Egypt’s Suez Canal Authority is reportedly in discussions to change the way it charges tolls for transiting the canal, levying charges up to three years in advance, according to Ahram Online.
The canal, recently widened and deepened at a cost of US$4 billion, has not seen the increase in revenues Egyptian authorities had hoped for since its opening in August, 2015. In Q1, 2016 the canal generated $1.236 billion, up only marginally over the same period last year.
With the ongoing low oil price and a wider lull in global trade, the cost of the upgrade has not been matched by an increase in traffic, despite the canal now being able to handle two-way traffic, vastly increasing its capacity.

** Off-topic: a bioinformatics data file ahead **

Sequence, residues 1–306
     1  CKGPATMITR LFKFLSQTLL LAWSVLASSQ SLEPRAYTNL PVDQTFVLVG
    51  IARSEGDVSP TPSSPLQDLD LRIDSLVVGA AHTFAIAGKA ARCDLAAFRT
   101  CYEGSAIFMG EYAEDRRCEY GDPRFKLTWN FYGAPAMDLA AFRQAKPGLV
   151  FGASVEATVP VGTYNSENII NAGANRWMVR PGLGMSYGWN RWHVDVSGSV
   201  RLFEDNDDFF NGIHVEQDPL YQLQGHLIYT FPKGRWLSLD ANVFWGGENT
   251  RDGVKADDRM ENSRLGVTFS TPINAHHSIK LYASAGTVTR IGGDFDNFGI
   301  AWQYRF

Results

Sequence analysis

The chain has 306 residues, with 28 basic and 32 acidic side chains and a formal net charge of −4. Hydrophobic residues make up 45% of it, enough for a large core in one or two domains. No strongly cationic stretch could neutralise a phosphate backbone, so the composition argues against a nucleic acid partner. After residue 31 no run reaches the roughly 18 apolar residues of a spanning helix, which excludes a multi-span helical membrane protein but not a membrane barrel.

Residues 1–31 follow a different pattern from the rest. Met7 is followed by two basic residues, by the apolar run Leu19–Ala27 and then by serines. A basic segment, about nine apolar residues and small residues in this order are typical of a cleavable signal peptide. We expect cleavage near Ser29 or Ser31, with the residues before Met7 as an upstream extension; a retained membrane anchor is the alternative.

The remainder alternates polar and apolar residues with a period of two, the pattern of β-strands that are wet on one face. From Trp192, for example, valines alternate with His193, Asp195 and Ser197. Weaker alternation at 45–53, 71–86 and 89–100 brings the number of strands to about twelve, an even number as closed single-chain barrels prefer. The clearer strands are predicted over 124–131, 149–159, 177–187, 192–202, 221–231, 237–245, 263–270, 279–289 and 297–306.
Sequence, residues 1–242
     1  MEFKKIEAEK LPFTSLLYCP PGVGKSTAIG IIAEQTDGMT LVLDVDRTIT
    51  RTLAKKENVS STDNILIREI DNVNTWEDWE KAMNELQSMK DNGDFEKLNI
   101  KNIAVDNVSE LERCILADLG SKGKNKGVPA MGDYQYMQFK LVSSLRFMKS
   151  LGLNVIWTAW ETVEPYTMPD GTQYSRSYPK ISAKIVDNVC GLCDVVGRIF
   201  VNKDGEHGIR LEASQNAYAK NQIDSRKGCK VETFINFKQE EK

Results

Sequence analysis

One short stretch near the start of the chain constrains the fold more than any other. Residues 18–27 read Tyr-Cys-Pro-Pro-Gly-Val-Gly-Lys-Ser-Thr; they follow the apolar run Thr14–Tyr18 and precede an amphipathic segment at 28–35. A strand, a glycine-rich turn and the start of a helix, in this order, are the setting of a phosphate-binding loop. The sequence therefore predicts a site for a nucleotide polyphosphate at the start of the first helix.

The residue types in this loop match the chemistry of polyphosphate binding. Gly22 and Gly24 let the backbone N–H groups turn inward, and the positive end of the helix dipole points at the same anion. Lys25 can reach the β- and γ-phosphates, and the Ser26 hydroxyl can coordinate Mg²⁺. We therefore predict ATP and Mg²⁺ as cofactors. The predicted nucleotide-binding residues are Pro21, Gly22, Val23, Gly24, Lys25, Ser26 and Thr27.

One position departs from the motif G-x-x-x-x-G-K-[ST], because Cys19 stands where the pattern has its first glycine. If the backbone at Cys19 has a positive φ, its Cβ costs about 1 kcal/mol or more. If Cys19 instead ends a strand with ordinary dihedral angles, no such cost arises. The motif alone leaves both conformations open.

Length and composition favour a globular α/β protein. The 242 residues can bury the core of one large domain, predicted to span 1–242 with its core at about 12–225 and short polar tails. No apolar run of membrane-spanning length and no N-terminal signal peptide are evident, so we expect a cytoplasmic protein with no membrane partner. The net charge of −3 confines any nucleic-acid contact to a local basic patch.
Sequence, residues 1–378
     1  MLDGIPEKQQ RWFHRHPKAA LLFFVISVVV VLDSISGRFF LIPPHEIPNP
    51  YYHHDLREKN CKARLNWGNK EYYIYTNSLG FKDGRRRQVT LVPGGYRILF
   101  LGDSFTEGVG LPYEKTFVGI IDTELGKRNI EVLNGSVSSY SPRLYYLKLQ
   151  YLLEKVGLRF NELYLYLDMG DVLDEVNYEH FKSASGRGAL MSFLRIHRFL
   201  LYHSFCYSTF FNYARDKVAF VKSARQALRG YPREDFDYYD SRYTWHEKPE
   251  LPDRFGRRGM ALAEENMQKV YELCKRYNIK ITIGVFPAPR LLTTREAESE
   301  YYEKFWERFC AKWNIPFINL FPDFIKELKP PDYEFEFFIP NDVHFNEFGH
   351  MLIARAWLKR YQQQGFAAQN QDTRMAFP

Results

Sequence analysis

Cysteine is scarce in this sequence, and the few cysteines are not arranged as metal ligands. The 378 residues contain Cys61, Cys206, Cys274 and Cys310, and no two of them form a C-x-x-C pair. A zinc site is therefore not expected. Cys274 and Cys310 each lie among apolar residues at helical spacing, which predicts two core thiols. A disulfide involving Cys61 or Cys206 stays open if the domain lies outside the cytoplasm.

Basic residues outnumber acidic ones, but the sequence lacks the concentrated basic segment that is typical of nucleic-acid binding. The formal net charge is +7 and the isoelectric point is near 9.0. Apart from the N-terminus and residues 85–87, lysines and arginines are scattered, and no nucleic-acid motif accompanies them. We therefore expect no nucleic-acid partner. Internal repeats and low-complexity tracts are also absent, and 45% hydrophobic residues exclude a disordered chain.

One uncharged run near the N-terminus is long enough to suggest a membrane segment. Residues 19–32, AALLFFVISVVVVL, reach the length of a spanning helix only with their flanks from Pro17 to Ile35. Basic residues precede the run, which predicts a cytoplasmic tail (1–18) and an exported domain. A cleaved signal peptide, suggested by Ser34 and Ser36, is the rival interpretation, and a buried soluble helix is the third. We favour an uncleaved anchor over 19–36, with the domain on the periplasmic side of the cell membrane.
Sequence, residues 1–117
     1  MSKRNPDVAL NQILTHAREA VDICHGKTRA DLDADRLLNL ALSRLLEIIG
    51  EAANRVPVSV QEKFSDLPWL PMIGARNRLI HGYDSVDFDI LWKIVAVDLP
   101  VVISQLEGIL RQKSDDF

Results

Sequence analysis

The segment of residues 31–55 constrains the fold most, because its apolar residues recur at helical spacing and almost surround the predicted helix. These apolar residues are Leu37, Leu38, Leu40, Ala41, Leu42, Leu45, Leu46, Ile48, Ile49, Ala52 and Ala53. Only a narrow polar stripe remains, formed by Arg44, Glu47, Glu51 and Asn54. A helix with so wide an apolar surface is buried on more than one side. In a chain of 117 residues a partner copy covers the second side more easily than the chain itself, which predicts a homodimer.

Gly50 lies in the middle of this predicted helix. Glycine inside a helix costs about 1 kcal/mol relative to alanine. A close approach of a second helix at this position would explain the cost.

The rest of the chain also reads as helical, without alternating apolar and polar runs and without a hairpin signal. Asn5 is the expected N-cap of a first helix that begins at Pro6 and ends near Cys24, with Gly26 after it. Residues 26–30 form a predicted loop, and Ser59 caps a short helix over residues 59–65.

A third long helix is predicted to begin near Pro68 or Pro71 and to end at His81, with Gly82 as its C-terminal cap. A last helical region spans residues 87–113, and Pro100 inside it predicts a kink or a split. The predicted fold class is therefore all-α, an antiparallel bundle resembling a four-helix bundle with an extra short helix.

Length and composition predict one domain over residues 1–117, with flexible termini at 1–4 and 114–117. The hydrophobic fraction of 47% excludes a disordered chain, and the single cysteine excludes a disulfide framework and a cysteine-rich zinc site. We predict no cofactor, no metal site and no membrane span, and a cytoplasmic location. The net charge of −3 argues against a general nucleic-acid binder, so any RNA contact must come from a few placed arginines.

A source told Ahram Online that Maersk, CMA CGM and MSC were currently in negotiations with the Suez Canal Authority over the proposed changes to fees. The shipping lines could receive a discount for being charged in advance.
The upfront revenue could provide a much-needed boost for Egypt’s ailing economy, which has struggled to recover since the 2011 uprising, with tourism particularly badly impacted. The Suez Canal provides a huge source of foreign currency for the government, so its success is critical to the country at large.